Therefore, if you are looking to adopt, think about adopting a senior pet. You can be their saviour.

If you have any questions about adopting a senior pet, talk to one of our team members at Coventry Animal Hospital. We would love to help you find the perfect pet!


RVT Month

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What is an RVT?

RVT stands for Registered Veterinary Technician.

What does this mean?

It means they have a Veterinary Technician diploma, and then have gone even further and done a 4 hour test to become registered. They are dedicated to continually learning and expanding their knowledge. RVTs act as the right hand to the Veterinarian, their role in the veterinary clinic is similar to a Registered Nurse in a human hospital.

What do they do?

They are integral members of the veterinary health care team. They are educated, which provides them with the theory and practical skills to deliver the best standard of veterinary care.  RVTs are often overlooked due to being “behind the scenes”; however, they are extremely important to every veterinary clinic. Some tasks they do daily are:

  • Taking and developing x-rays
  •  Administering and dispensing medications and treatments as prescribed by the Veterinarian
  •  Collecting blood, urine and tissue or body fluid samples; as well as analyzing them under a microscope
  • Providing excellent animal care, restraint, and safe handling of pets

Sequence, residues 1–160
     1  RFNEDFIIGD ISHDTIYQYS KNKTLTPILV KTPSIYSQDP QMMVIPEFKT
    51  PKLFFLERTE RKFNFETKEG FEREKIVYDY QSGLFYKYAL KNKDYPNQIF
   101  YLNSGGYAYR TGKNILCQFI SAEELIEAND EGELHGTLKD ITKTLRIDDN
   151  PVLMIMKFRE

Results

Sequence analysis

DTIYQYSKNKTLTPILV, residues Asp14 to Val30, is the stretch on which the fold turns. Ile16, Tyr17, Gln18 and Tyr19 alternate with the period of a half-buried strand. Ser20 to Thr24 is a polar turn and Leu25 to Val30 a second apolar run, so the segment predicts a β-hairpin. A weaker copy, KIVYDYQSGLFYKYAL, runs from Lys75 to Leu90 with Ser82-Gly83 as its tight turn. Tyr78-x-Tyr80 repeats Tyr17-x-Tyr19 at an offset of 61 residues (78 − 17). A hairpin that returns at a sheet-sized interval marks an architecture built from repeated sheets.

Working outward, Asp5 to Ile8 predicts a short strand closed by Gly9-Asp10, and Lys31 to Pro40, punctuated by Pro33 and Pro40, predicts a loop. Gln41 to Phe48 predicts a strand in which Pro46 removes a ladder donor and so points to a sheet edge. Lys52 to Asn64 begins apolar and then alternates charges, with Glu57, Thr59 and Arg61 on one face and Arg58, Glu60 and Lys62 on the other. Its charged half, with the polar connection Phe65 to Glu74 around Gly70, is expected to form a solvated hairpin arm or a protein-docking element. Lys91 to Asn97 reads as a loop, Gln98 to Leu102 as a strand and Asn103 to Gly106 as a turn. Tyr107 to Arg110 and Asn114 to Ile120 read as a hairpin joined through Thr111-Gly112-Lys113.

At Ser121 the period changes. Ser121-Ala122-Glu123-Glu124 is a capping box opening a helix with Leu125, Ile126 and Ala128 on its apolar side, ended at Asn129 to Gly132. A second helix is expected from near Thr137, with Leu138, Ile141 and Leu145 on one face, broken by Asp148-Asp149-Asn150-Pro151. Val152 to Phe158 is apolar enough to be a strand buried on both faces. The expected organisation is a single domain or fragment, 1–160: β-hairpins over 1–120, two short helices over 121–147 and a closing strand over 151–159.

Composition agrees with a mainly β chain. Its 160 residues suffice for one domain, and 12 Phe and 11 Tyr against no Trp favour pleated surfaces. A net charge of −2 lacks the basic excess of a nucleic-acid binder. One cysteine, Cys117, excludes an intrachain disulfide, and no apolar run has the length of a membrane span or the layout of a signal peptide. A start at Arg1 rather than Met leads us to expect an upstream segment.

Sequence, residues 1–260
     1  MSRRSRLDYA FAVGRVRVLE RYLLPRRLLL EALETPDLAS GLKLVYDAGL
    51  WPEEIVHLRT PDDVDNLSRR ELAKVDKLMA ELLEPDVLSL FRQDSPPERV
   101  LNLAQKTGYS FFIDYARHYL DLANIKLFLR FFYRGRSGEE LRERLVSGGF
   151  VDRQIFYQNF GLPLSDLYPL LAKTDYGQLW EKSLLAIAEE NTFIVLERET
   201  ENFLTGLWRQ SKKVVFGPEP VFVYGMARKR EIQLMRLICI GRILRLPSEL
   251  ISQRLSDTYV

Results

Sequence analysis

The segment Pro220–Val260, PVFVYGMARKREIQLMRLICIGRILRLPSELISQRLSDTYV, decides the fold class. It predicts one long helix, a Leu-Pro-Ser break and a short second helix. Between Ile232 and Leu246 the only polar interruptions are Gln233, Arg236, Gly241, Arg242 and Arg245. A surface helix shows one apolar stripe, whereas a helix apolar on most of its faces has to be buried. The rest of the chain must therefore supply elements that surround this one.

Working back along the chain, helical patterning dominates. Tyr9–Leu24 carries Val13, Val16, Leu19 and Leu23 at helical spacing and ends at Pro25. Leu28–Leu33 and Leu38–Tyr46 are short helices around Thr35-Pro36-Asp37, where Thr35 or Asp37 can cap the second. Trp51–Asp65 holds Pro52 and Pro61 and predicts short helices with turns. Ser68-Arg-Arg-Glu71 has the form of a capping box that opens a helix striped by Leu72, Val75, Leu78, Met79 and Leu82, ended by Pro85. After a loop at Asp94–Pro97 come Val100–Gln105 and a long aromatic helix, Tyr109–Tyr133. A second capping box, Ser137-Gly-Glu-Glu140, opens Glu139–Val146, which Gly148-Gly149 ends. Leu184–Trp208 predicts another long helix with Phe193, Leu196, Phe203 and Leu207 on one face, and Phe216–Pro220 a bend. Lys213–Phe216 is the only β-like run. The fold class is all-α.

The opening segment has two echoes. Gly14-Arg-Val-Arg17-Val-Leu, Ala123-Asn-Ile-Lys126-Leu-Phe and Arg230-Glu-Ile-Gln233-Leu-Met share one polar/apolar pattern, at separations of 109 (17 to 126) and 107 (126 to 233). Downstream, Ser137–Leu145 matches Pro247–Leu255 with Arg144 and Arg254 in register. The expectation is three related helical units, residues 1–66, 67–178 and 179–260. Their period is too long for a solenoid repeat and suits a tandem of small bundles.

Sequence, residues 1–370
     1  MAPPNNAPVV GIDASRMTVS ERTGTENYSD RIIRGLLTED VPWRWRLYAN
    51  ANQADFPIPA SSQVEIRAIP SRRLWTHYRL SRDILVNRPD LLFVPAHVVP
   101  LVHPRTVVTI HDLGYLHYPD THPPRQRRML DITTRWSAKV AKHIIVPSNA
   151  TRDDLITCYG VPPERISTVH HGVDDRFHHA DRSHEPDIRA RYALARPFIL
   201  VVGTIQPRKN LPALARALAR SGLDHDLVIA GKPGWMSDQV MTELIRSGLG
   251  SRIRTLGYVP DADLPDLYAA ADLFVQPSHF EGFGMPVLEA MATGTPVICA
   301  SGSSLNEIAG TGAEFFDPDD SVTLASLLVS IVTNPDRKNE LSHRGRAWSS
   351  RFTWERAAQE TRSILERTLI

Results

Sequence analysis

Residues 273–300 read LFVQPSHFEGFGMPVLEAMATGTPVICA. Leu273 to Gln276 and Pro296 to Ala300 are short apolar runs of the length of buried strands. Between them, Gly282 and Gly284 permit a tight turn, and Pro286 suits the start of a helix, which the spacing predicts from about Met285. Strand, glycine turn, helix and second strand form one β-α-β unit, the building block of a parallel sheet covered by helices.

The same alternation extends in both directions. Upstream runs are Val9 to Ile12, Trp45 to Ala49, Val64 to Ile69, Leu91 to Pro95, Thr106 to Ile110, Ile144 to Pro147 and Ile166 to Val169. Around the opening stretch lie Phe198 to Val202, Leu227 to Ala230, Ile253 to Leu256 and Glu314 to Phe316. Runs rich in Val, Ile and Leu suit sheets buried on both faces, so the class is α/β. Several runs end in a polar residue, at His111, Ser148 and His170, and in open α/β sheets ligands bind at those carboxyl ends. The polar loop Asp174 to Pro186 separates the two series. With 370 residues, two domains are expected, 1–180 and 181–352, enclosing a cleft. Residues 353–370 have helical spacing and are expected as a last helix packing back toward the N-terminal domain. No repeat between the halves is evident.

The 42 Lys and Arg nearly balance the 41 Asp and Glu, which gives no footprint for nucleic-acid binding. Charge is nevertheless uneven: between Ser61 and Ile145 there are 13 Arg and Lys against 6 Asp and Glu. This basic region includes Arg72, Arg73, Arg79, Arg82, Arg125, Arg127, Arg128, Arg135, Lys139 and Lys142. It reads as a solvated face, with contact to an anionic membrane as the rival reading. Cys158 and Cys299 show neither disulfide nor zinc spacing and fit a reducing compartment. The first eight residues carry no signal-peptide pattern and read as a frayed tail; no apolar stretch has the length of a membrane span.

• Delivering anesthesia and monitoring for surgeries, as wells as preparing the surgery room and assisting whenever the vet needs
  • Placing bandages/wound dressings and splints
  • Triaging emergency arrivals and helping with emergency care and first aid
  • Performing dental cleaning and polishing procedures
  • Using their knowledge of tests, medications, supplements, and nutritional needs of pets
  • Being the biggest advocates for your pet


Rabies in Ontario: what the public needs to know – an update for 2018

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What is the Risk of Rabies in Ontario?

There have been 50 cases of rabies in Ontario since January 2018.  The majority of these are from raccoons, followed by skunks and bats.  Other species that also tested positive include cows, stray cats and red foxes.  There have been over 500 cases of rabies in Ontario in the last 4 years.

There have been 17 cases of fox rabies confirmed in Perth, Huron and Waterloo counties since December 2015.  In that same time period, there have been over 400 cases of raccoon rabies confirmed in Hamilton and surrounding areas. 

What is Rabies?

Rabies is a virus that is spread by infected mammals biting other mammals or transmission of their saliva to an open wound.  The virus travels through the nervous system to the brain where it will causes neurological signs, including changes in behavior, aggression, paralysis and death.  Once signs are evident, rabies is almost always untreatable and fatal.  All mammals (companion animals, livestock and humans are at risk).